Belding: Accusations of racism are just as serious as racism itself


Photo: Brianna Buenz/Iowa State Daily

Students come together to take a stand against the current racial controversies at Iowa State on Friday, March 2. Many students as well as some professors discussed personal stories of racism they have encountered. The rally was outside Parks Library in the free-speech zone.

Michael Belding

Racism, sexism, classism, religious bigotry and every other conceivable kind of prejudice abound in the world. One doesn’t have to look very far for examples.

This newspaper got into hot water after two comments in the “Just Sayin’” section referred to ground squirrels or chipmunks as “squinteys” in keeping with old Des Moines River Valley Iowan terminology.

Last week, the University of Texas at Austin’s newspaper got into similar trouble after it ran a cartoon about the Trayvon Martin incident. In that cartoon, a mother reads to her child out of a book called “Treyvon [sic] Martin and The Case of Yellow Journalism” the words, “And then the Big Bad White man killed the handsome, sweet, colored boy!!”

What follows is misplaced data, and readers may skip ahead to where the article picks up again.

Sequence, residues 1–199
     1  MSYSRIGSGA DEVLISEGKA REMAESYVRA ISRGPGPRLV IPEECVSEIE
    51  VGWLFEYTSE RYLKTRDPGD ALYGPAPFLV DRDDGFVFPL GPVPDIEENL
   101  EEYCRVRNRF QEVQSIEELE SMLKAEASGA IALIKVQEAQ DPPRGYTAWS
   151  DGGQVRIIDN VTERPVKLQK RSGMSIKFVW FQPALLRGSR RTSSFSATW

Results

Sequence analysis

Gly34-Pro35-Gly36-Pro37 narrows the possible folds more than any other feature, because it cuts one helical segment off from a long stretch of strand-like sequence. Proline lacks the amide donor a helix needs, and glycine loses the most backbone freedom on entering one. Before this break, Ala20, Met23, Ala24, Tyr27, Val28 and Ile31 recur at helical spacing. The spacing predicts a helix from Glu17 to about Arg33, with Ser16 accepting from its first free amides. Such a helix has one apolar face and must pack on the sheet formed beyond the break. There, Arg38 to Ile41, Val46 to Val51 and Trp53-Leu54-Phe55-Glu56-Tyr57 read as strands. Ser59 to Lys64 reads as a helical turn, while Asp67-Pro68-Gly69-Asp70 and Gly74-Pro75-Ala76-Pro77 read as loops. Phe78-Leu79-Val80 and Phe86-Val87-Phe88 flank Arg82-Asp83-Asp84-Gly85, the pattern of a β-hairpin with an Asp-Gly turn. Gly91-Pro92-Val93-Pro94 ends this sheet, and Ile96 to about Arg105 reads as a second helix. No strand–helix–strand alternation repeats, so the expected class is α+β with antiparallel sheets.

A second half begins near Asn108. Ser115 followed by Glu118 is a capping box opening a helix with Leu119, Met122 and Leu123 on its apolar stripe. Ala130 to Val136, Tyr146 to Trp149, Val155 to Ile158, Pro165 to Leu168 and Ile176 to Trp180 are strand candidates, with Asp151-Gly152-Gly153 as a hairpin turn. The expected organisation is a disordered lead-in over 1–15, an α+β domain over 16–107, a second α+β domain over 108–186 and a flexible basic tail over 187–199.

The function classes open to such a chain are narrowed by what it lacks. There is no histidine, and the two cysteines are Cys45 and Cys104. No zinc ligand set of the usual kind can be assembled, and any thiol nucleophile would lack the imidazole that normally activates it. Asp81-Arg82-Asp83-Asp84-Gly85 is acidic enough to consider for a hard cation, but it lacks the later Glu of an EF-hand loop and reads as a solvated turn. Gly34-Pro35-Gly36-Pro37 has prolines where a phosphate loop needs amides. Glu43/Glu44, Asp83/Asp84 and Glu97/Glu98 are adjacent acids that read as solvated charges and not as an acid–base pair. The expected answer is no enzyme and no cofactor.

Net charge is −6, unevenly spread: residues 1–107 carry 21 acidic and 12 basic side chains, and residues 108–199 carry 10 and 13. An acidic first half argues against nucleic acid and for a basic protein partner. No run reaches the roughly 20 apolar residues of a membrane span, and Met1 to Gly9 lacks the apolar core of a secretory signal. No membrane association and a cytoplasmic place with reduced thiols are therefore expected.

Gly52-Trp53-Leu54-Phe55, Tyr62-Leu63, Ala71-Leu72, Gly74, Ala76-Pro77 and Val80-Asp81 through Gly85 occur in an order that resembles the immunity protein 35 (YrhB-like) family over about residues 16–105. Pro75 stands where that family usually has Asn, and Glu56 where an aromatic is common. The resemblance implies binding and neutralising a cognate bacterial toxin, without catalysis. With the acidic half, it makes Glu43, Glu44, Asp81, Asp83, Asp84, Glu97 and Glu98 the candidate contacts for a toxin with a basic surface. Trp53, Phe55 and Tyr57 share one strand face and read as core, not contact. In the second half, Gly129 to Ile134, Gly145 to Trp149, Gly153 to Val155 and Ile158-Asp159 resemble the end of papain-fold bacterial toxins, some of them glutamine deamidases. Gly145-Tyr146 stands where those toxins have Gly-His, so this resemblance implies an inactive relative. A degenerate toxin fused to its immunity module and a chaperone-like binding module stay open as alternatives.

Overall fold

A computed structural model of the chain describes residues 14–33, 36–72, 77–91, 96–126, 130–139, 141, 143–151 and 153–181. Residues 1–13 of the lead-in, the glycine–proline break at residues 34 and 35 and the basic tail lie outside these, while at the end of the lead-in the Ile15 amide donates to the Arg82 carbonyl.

New York City wants to remove words from standardized tests that “could evoke unpleasant emotions in the students” taking them. They want to avoid words that describe topics controversial among adults or that “might not be acceptable in a state-mandated testing situation” or if “the topic appears biased against (or toward) some group of people.”

Journalism is often described as the fourth branch of government. The job of a reporter is to use facts to provide a check on the misuse of power. Without facts, people cannot make their own judgments for themselves. Columnists evaluate those facts and provide an educated opinion that others might read and take something from. Cartoonists caricaturize current events and tell us some things about ourselves that we didn’t want to know.

The fun part about being a columnist or a cartoonist is that we, unlike reporters, are not constrained by facts. We get to talk about truth.